Lemon Biscuits (1861) ★★★★

Its funny, when I pick a recipe to make for this blog, I usually go by ingredients. Flour? Sugar? Butter? Eggs? Lemon? "This will be easy," I think to myself. And then I start the recipe. And read the instructions. And I end up thinking, "what the heck is going on here?!"

This recipe is weird. Why does it call for blending the butter with the flour, like a pastry? And after adding the eggs it looked so dry and crumbly, I was getting really worried. So I did a brief Google search and saw that some other people have tried this recipe without success....oh no.
But then I went back to my bowl and it had basically magically transformed into something that resembled a dough! Yay! I kneaded it a bit, dropped it onto a cookie sheet, put it in the oven, and crossed my fingers.


Original Recipe:

1743—INGREDIENTS.—1-1/4 lb. of flour, 3/4 lb. of loaf sugar, 6 oz. of fresh butter, 4 eggs, 1 oz. of lemon-peel, 2 dessertspoonfuls of lemon-juice.
Mode.—Rub the flour into the butter; stir in the pounded sugar and very finely-minced lemon-peel, and when these ingredients are thoroughly mixed, add the eggs, which should be previously well whisked, and the lemon-juice. Beat the mixture well for a minute or two, then drop it from a spoon on to a buttered tin, about 2 inches apart, as the cakes will spread when they get warm; place the tin in the oven, and bake the cakes of a pale brown from 15 to 20 minutes.
Time.—15 to 20 minutes. Average cost, 1s. 6d.
Seasonable at any time.

The Verdict:

Now, seeing as though we're looking at a British cookbook here, "biscuits" really means cookies. But there's no kind of leavening in the recipe at all. Mrs. Beeton states to drop the dough with a spoon, so I got some pretty lumpy cookies. Almost like coconut macaroons in look. They also didn't spread very much at all, despite what her recipe says.

These lemon biscuits are really quite beautiful. They bake up a very light color, and look like fluffy clouds. Taste-wise, they are just as delicate. The lemon flavour is light, but still present. I think I would personally prefer a touch more punch of lemon flavour, because the strongest flavour is just the sweetness from the sugar. Nevertheless, I would happily eat these cookies by choice, because they are good. I loved them best just out of them oven, when they're warm and soft and fluffy. Once they cool they become a bit dryer and denser.

Also! This makes a LOT of cookies! I got about 47 cookies. I would recommend halving the recipe, but I'm including the whole recipe below. Lastly, Mrs. Beeton's recipe calls for one ounce of "very finely-minced lemon-peel." I just assumed she meant lemon zest, but even zesting two lemons didn't weigh anything on my scale. I'm thinking she might have been referring to more of a candied peel. However, the lemon zest I used seemed to work just fine. And zesting requires no mincing!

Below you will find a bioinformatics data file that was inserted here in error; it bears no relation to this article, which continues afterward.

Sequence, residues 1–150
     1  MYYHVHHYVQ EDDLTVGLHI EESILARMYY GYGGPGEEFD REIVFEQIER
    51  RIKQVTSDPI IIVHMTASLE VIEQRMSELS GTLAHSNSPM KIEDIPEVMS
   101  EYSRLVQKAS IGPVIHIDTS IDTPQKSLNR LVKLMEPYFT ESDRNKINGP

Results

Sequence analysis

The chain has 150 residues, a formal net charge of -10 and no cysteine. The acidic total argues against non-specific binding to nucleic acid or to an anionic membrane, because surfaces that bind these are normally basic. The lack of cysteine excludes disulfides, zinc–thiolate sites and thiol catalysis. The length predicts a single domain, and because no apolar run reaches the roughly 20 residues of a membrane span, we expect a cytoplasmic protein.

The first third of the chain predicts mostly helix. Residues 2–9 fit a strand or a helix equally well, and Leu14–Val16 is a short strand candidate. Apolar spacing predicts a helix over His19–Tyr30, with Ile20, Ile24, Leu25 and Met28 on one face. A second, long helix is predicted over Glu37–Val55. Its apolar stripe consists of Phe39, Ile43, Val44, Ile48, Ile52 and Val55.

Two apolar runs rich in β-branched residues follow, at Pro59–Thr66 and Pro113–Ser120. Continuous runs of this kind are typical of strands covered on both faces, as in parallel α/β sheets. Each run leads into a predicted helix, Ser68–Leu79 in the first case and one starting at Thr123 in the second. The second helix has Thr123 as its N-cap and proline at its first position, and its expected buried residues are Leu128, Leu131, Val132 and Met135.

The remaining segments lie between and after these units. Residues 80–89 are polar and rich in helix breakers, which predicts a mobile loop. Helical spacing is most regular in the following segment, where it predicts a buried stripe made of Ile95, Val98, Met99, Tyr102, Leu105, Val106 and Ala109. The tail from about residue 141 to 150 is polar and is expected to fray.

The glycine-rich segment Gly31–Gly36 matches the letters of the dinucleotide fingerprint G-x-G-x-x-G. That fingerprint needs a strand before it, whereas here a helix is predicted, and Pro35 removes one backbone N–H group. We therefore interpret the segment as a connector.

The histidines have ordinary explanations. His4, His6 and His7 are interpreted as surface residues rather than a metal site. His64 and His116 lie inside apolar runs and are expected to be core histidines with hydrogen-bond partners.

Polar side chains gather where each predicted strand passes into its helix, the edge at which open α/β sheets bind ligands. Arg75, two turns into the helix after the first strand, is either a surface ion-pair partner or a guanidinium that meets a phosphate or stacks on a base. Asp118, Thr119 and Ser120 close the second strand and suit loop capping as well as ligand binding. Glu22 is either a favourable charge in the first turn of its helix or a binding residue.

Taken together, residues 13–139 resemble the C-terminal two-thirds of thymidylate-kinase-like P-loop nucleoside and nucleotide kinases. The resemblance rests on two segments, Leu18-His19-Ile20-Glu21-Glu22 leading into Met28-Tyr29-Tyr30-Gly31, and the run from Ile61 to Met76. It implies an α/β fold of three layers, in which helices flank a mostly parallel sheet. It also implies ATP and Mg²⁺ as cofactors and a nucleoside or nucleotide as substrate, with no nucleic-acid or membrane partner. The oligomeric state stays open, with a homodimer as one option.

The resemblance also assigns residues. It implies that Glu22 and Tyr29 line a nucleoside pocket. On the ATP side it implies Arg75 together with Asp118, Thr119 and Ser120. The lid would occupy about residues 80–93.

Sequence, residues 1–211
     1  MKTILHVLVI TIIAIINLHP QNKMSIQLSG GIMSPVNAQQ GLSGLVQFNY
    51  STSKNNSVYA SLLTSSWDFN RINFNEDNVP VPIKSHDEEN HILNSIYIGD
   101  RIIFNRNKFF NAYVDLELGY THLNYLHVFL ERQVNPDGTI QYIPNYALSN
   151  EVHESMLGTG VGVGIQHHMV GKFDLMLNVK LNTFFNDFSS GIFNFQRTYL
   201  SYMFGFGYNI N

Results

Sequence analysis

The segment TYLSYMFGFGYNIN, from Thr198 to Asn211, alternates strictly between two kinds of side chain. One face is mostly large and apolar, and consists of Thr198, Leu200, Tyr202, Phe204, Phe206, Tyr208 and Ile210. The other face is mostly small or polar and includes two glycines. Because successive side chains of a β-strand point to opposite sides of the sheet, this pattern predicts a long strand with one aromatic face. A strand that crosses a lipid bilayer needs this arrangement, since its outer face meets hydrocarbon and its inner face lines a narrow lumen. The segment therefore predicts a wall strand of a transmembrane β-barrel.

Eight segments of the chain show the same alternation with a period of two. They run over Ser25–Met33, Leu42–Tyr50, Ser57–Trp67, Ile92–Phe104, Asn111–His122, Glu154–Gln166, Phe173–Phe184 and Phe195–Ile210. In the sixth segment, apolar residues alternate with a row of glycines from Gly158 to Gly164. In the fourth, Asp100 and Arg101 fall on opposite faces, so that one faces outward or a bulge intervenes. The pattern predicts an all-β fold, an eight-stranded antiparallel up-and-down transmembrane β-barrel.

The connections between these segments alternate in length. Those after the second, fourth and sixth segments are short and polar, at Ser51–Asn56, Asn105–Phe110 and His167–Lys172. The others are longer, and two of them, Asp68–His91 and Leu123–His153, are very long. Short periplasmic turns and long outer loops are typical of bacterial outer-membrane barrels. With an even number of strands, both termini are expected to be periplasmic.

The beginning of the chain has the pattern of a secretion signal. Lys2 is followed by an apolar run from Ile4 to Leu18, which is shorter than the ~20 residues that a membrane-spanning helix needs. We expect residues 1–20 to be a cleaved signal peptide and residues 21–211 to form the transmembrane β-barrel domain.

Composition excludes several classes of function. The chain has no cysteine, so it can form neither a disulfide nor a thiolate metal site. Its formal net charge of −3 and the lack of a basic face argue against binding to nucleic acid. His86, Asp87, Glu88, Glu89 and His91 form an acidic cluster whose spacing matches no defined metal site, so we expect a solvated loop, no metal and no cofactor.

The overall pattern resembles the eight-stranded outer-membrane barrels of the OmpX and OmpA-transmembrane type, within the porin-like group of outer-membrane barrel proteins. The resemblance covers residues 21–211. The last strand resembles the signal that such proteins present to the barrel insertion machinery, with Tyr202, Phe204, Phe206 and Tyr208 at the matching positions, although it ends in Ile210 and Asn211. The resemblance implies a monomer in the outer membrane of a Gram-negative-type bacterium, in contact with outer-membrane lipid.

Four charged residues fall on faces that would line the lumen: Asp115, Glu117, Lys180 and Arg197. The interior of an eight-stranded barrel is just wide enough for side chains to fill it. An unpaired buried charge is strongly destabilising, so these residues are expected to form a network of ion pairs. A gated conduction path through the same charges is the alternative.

Modernized Recipe:

(Adapted from The Book of Household Management)

1 1/2 pounds  (20 ounces) FLOUR
3/4 pound (12 ounces) SUGAR
4 EGGS, beaten
1 ounce LEMON PEEL, or the ZEST of two LEMONS
2 teaspoons LEMON JUICE

1. Preheat oven to 350F. Line a cookie sheet with parchment paper.
2. Rub the butter into the flour as if to make a pastry dough. It should resemble wet sand.
3. Add the sugar and lemon peel to the flour and mix well. Add the beaten eggs and lemon juice and stir together until it forms a sticky dough (I used my hands to make sure everything was completely incorporated - you don't want chunks of egg). If the dough is still crumbly and isn't coming together, let it sit for a bit, to absorb the eggs.
4. Drop the dough by teaspoons onto the prepared cookie sheet. Bake for about 10-15 minutes (mine took 13).

Anje graduated with a Honours Bachelors degree in History with a minor in Museum Studies. She currently lives and works in Japan's least populous prefecture as an assistant English teacher.


  1. I think this recipe is very like the pusher biscuits my mother-in-law used to make. Light and pale. Isobella Beeton collected other people's recipes and published them. She did not always test them first. From my mother, grandmother and other family friends I have learned that when sharing recipes it was common in Britain to change the recipe or leave out an ingredient. This ensured that only the original person mastered the recipe and so they remained supreme. "Drop spoonfuls" could mean make little balls and transfer them by spoon to the pastry sheet.

  2. By letting the crumbly dough rest for a few minutes you gave it the time it needed for the flour to absorb the liquid and form into more of a soft dough, by letting the dough rest a little longer you probably could have avoided kneading the dough. It may be that letting the dough rest 15-30 minutes was left out of the recipe - cooks of the old school did leave out info just to mess people up. Glad to see you had success with these - they look beautiful and tastey

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